A cage with walls of gauze and a metal grille for a floor takes up the majority of the stage at the tiny Trafalgar Studio 2. In the cage, which is eerily lit by spotlights, is a single chair, empty at the beginning of Edmund White’s play, occupied sporadically throughout by a young man named Harrison, as he talks through the cage walls to his elderly visitor, James. Harrison is on death row for blowing up a building and killing 168 people; James is the writer who has come to tell his story. The setting is Terre Haute. Caroline Bishop went to the first night…
Terre Haute is the name of the high security prison where Oklahoma bomber Timothy McVeigh spent his final days before being executed in 2001, the place where he was visited by writer Gore Vidal, who had previously exchanged letters with the prisoner and had defended him in print. This is the basis for White’s story, though his play is not intended as a realistic depiction of the conversations that occurred between them, nor does it claim to reflect the true agenda or motivations of either person.
What it is, then, is an interesting exploration of what may or may not have driven a young, intelligent military man to commit such a devastating act, but more so, it is a gripping portrait of two seemingly very different people and the relationship that develops between them over the short time they spend in each other’s company.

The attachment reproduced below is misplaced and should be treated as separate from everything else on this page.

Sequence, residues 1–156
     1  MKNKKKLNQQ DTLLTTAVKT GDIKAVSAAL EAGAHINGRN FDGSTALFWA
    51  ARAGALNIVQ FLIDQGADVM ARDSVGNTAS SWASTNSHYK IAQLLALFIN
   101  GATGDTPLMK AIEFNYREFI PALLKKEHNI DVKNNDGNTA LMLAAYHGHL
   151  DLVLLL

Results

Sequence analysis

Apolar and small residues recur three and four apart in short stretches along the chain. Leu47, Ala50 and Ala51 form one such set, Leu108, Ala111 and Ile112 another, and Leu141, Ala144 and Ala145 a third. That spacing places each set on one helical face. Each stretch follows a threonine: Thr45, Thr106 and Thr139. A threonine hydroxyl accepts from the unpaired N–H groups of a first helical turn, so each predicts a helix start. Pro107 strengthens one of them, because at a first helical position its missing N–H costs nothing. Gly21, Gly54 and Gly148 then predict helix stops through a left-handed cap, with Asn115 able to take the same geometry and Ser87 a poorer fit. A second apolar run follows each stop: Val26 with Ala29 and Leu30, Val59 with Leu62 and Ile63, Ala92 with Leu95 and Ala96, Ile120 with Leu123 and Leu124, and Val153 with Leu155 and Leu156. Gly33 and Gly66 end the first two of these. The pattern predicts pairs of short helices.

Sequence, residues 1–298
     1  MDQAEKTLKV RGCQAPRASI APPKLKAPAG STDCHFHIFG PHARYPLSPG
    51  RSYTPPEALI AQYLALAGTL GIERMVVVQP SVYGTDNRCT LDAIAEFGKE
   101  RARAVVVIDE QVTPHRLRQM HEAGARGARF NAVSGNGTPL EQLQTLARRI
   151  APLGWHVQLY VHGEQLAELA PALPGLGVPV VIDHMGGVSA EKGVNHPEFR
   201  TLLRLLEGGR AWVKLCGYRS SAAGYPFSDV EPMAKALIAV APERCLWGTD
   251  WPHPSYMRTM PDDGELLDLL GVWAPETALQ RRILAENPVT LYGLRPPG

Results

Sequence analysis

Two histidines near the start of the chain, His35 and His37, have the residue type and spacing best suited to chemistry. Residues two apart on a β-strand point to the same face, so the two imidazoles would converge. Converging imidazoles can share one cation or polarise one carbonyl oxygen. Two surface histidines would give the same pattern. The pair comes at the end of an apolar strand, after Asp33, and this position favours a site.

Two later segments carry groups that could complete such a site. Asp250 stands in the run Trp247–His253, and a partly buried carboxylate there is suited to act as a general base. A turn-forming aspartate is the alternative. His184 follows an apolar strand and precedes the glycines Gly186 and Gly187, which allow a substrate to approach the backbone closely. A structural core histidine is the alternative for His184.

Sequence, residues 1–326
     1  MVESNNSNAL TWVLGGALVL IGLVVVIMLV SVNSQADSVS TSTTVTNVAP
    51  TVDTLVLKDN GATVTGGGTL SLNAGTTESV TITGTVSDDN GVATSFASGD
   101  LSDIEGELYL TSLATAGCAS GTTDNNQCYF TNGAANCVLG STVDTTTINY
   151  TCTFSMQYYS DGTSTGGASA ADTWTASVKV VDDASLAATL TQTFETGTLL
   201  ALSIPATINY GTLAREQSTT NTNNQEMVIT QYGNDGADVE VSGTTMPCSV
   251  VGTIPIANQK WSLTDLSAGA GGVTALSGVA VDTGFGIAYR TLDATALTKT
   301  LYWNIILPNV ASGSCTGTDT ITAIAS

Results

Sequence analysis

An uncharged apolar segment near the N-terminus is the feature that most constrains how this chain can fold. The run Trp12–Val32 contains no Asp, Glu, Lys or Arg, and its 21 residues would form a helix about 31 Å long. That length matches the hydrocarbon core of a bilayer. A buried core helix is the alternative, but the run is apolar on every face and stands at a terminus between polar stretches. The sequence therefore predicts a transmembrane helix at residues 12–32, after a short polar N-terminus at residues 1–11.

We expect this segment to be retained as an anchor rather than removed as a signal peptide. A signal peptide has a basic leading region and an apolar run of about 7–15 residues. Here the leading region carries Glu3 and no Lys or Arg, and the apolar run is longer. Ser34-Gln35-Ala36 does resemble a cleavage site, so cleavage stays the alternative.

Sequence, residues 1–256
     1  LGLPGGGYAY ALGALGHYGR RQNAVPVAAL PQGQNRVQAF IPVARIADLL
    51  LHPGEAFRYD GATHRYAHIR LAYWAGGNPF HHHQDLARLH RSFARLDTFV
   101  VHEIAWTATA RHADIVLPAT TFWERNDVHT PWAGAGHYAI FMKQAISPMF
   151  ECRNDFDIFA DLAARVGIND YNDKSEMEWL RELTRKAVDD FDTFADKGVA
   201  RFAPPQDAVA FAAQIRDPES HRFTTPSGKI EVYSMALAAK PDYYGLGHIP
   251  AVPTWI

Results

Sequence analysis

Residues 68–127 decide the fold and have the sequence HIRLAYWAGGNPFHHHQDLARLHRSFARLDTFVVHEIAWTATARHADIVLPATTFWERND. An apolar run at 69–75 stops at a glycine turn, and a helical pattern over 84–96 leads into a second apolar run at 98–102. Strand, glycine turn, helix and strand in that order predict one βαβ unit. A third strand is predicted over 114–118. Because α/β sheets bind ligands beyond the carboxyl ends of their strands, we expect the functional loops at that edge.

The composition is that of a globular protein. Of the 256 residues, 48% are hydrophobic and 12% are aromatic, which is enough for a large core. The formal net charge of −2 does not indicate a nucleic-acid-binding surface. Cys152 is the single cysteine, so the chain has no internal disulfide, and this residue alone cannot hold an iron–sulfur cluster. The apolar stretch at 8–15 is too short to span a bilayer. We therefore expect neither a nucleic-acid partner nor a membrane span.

Peter Eyre’s James is – despite the RP English accent – a Europeanised upper-middle-class American, living in Paris and distinctly un-enamoured of modern America. Riddled with arthritis, old fashioned in his use of a typewriter (which, Harrison points out, was the only thing in their correspondence that indicated James’s age), set in his ways, dry in his wit and confident in his views, he nevertheless admits to the audience at the start of the play “I want him to like me”.
Harrison (Arthur Darvill), in turn, seems to hold a respect for James even before meeting him, and, in relying on the writer to tell his story, displays a dependency on the older man that makes him seem more vulnerable and insecure than you would imagine a mass murderer to be, despite the collected manner in which he presents himself and his convictions. James recognises this absurdity when he laughs that he has hurt the killer’s feelings.
This dependency grows throughout their meetings, compounded by a mutual curiosity of each other’s sexuality; Harrison is at first shocked, then intrigued, by James’s bisexuality, while James’s continual probing finally gets Harrison to admit that he is a virgin. As Harrison faces his imminent death head on, he takes James into his confidence, revealing exactly what he did on the day of the bombing and submitting to vulnerability.
Though Harrison’s motivations give backbone to the play, this is ultimately a touching portrayal of two men from diverse sides of the social fence, finding some respite from loneliness in each other’s company.